Same tale of greed, neglect and death
Rampant mining and past logging in a geologically unstable area led to the mudslide
Behind the horrific mudslide in southern Leyte that wiped out a village of 1,800 people is the same old story of government ineptitude, badly thought-out policies and greed.
Signs of an impending disaster in Guinsaugon were all there for anyone to see, scientists said.
The area lay near a geological fault. The volcanic soil on the mountain slopes was loose and unstable. Too much rain had fallen in the past two weeks - almost 500mm compared to the average 10mm for this time of the year.
All that residents had to do was closely watch the trees, Philippine Institute of Volcanology and Seismology chief Rene Solidum said. 'Trees grow vertically but if they are slanted, it is a sign that the ground is moving,' he said.
But no one told them early on to watch the trees that rain-soaked Friday morning. Farmers were out planting. Around 200 children and 40 teachers were in school.
When an explosion was heard, followed by a roaring sound of mud and trees cascading down the mountain, it was too late.
Their surviving relatives knew their loved ones were buried alive in the mud by the desperate text messages they had sent seconds after the catastrophe.
'We are alive, dig us out,' one text message said. 'We're still in one room, alive,' a teacher wrote to her daughter Pamela Tiempo.
Von Hernandez, the Green-peace Southeast Asia campaign director, blamed the government for failing to put up early warning systems in landslide-prone areas.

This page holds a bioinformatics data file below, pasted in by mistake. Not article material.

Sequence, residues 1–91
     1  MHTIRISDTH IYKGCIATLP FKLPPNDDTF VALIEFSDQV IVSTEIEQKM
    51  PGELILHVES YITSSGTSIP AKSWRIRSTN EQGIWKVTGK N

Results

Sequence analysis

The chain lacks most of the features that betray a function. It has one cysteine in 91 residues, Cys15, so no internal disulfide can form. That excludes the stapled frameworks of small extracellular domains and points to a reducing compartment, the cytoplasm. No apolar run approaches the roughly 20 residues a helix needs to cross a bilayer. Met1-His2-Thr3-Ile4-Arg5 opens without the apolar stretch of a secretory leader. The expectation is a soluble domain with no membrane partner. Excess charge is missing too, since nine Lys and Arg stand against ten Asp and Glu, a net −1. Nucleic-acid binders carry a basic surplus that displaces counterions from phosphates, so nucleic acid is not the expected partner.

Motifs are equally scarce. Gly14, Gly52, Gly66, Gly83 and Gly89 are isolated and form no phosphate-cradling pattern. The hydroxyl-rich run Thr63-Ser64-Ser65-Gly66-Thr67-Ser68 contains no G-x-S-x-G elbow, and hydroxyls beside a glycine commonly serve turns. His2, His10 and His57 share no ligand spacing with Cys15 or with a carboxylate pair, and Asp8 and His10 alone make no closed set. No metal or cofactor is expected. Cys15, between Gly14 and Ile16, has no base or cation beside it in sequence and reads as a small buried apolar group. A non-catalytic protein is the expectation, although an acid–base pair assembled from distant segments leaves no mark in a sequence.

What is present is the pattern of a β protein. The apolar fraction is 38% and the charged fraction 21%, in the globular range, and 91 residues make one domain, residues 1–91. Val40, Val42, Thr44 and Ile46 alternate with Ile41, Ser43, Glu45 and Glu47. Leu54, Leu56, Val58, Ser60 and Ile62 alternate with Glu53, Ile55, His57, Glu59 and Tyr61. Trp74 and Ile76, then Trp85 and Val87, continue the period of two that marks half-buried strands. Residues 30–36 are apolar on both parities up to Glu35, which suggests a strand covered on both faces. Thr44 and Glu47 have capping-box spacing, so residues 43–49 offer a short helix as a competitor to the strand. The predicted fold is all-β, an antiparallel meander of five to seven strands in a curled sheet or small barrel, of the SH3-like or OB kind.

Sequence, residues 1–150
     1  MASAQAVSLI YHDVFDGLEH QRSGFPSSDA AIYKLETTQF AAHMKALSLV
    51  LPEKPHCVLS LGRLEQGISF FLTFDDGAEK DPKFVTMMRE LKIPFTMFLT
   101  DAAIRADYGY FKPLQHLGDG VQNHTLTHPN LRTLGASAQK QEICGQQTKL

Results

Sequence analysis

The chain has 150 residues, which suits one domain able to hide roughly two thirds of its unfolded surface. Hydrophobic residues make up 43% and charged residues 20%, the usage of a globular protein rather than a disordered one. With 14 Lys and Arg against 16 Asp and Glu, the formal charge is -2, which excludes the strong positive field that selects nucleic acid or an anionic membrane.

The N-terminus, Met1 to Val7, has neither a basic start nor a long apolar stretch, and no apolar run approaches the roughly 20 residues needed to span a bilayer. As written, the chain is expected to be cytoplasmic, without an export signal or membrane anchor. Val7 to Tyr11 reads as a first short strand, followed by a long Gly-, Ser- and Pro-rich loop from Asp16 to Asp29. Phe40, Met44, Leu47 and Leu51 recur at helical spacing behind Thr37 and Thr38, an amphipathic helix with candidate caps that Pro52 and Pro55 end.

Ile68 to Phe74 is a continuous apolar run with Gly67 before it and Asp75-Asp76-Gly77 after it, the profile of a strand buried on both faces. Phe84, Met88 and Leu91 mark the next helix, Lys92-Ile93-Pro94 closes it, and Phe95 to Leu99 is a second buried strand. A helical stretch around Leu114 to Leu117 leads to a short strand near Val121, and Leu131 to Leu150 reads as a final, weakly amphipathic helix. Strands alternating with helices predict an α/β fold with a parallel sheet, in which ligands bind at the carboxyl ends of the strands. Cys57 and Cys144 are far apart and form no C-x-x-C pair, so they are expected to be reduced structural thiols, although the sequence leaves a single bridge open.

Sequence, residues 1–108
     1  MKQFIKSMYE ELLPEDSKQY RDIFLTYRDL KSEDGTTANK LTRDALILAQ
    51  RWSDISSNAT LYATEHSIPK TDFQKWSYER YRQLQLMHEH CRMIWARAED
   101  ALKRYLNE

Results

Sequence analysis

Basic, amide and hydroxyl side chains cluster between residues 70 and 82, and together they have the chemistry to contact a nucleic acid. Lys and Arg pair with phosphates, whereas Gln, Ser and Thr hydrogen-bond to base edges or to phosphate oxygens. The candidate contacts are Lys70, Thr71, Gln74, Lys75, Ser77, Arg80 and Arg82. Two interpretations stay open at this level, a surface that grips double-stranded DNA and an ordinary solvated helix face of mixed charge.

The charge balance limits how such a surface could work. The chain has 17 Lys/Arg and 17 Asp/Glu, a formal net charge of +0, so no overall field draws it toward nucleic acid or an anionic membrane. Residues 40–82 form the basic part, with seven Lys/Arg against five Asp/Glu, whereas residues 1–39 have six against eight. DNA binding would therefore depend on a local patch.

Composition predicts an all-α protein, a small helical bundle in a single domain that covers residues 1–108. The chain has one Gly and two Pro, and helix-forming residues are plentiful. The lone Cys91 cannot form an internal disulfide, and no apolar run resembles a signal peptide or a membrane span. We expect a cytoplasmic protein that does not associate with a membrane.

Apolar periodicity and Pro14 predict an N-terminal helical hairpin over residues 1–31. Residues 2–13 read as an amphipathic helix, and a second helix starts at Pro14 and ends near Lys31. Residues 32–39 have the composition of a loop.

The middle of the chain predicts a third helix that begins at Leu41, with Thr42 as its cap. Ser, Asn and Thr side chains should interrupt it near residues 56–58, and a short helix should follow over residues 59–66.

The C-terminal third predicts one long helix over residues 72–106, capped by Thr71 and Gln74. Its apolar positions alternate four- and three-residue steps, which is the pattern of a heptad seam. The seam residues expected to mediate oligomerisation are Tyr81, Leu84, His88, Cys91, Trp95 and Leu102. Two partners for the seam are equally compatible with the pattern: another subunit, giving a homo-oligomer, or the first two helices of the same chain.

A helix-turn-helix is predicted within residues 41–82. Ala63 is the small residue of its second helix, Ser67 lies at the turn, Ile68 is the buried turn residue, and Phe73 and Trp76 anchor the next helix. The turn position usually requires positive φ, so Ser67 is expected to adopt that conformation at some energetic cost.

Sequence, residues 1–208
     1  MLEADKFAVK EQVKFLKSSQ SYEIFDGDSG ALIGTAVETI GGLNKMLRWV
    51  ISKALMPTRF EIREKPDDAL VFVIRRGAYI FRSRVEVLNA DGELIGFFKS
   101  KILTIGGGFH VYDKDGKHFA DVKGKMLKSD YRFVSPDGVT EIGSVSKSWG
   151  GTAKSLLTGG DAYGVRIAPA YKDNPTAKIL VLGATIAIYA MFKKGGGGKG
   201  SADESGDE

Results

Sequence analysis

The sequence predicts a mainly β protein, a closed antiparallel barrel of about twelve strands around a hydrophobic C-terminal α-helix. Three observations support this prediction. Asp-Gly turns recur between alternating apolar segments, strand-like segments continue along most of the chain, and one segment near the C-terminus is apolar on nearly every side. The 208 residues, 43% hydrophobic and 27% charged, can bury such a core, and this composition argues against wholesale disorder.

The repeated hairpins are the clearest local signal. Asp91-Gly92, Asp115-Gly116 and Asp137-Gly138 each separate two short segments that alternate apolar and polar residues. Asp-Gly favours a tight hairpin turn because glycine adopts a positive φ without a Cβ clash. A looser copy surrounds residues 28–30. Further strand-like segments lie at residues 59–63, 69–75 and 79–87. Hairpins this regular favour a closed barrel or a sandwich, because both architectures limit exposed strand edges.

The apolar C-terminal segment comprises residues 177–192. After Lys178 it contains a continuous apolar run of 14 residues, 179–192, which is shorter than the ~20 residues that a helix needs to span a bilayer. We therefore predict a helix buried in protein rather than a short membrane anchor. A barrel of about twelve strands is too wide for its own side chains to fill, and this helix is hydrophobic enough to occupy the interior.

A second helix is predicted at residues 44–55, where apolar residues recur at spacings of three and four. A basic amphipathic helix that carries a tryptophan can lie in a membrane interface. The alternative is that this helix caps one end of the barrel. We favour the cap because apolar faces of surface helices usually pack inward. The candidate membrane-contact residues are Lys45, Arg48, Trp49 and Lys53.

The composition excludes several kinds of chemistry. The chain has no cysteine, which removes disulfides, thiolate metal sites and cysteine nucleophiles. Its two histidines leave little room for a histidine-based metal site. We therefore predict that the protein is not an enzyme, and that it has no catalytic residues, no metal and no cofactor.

'We never learn from previous disasters,' he said.
A mudslide had previously occurred in southern Leyte in December 2004, but that was then eclipsed by an even bigger catastrophe - a mudslide from the mountains of Quezon province in southern Luzon that killed 1,060 people and devastated 3.6 million.
After the Quezon and Leyte mudslides, President Gloria Maca-pagal-Arroyo ordered mapping of all disaster-prone areas and the setting up of early warning systems.
'Obviously, nothing happen-ed,' complained Congressman Roger Mercado who represents southern Leyte in the legislature.
And instead of declaring southern Leyte as a protected area, the lawmaker noted, the government still opened it up to mining. Clemente Bautista, of the environment group Kalikasan, said the Arroyo government gave mining firms Buena Suerte Mining Corporation and Oro Philippine Ventures Inc permits to prospect for gold and silver in 13,876 hectares of southern Leyte. Four other mining firms were already exploring the mountainous portions of southern Leyte, he said.
The bureau of mines said Oro Philippine Ventures was permitted to explore in over 7,000 hectares of southern Leyte, including the village of Guinsaugon, where the tragedy occurred.
Congressman Mercado also blamed greedy illegal loggers. Although 'it stopped around 10 years ago, this is the effect of logging in the past', he said.
The government paid scant attention to reforestation, and allowed coconuts with shallow roots to be planted on the slopes, environmentalists said.